How might a troop-level increase in Iraq affect U.S. military operations elsewhere? 

Don't Panic ... your war questions answered

With President Bush calling for a troop-level "surge" in Iraq and Iraq's insurgents no doubt stocking up on surge protectors, politicians and talking heads are busy debating the effect a troop buildup might have on the outcome of the war. Will the escalation be an unmitigated disaster, they wonder? Or will it merely be a dismal and tragic failure?

The discussion about how the surge will affect Iraq is an important one, but it's obscuring another equally important discussion. How will the troop buildup in Iraq affect U.S. military operations outside of Iraq?

The U.S. military has important commitments all over the globe. It conducts operations on every continent, including Antarctica. Just because penguins are cute doesn't mean we don't need to be vigilant.

Of the military's 39 active combat brigades, 15 are already in Iraq. If the Bush Push happens, that number will increase to 20. Numerous reports, from both inside and outside the Pentagon, have warned for a few years that the war in Iraq has dangerously overstretched the U.S. military. If 15 of 39 brigades in Iraq is overstretched, what's 20? Circus contortionist? Yoga instructor?

The problem that this troop escalation will create is that the more soldiers the Bush administration sends to Iraq, the fewer there are available for other vital missions.

Nowhere is the shortage of U.S. military manpower more apparent than in Afghanistan.

Baltimore Sun reporter David Wood recently reported that the Pentagon is redeploying U.S. soldiers from Afghanistan to Iraq at the same time that U.S. commanders in Afghanistan are begging the Pentagon to send more.

Taliban forces made a dramatic comeback in Afghanistan last year. According to Wood, their attacks on U.S., NATO and Afghan government forces tripled last year. It's not just guerilla attacks, either. Taliban fighters are mounting frontal attacks against U.S. and NATO forces, a sign that they're confident in their ability to win battles.

The United States' unwillingness to commit the military resources necessary to stabilize Afghanistan and the economic resources necessary to rebuild it has helped drive a wedge between Afghanistan's government and its people. Instead of rebuilding Afghanistan, like it promised to, the United States turned its attention to Iraq and allowed Afghanistan to collapse into the same pit of chaos and warlordism that helped incubate the Taliban the first time around. In the words of a report by the International Crisis Group published in November, "The desire for a quick, cheap war followed by a quick, cheap peace is what has brought Afghanistan to the present, increasingly dangerous situation."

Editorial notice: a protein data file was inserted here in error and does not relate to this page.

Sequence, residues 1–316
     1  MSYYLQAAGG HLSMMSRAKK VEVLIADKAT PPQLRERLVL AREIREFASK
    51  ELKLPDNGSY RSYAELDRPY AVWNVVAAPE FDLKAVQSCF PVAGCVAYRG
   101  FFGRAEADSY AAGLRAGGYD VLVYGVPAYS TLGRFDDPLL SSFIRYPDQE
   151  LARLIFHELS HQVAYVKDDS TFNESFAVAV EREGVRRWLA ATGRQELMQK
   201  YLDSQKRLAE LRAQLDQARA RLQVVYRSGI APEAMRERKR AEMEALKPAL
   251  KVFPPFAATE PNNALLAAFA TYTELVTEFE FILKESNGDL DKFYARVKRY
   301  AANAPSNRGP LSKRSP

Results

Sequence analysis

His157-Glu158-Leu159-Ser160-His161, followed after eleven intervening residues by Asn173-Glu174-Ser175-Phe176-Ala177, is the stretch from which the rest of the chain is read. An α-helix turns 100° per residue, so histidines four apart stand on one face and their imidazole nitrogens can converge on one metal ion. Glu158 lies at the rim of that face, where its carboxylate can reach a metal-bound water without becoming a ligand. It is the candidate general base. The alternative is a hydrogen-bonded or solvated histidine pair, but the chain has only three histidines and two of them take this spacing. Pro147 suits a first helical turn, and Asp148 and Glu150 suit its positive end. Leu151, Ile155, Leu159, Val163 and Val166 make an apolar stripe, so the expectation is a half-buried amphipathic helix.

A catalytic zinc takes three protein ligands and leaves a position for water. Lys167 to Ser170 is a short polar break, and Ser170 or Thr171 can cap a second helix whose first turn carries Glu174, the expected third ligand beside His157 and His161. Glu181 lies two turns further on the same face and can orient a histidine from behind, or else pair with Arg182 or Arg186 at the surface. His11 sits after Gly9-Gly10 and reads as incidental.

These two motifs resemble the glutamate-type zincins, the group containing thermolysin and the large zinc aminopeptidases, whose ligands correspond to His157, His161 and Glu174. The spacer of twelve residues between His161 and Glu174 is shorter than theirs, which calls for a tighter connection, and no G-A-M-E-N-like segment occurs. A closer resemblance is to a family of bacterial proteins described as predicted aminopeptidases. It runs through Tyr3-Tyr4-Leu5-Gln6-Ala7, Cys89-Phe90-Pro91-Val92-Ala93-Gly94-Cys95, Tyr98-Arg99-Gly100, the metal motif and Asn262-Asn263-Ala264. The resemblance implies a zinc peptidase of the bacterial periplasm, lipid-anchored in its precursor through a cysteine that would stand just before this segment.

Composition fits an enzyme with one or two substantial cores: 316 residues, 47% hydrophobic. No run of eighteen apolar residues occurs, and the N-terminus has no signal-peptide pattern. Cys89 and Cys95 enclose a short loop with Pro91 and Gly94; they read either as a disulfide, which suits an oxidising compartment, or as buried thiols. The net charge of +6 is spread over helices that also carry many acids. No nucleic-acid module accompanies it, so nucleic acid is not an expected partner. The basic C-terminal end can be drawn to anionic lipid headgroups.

U.S. commanders expect Taliban forces to mount a spring offensive aimed at severing the road link between Afghanistan's capital, Kabul, and its second-largest city and the Taliban's spiritual hometown, Kandahar.

The Bush Push into Iraq also cannibalizes the military's ability to protect U.S. homeland security because of the workload it has placed on state National Guard units.

The National Guard is a branch of the Army comprised overwhelmingly of part-time soldiers. Unlike the full-time, active-duty military, they are intended as a reserve force to be used in the event of emergencies. In peacetime, they are commanded by their state governors and are often among the first responders to local emergencies and disasters that are too big for police, fire and rescue workers to handle on their own. In a time of war, however, the president has the authority to commandeer the state National Guards and send them overseas. National Guard soldiers make up about one-third of the U.S. force in Iraq.

The National Governors Association complained to the Bush administration last year that the Iraq war has significantly hampered the National Guard's domestic readiness. In addition to taking up vital personnel, the war has also used up vital National Guard equipment. The Louisiana National Guard's slow response to the flooding of New Orleans that followed Hurricane Katrina was in part due to the fact that more than one-quarter of the state's National Guard personnel, and most of the state's best National Guard vehicles, were in Iraq.

On the day after Bush announced his troop-level increase plan to the nation, the Pentagon announced that it was abandoning its limit on the time National Guard and Reserve soldiers can be required to serve on active duty. That means more Guard units and more Guard equipment in Iraq, and less of it here.

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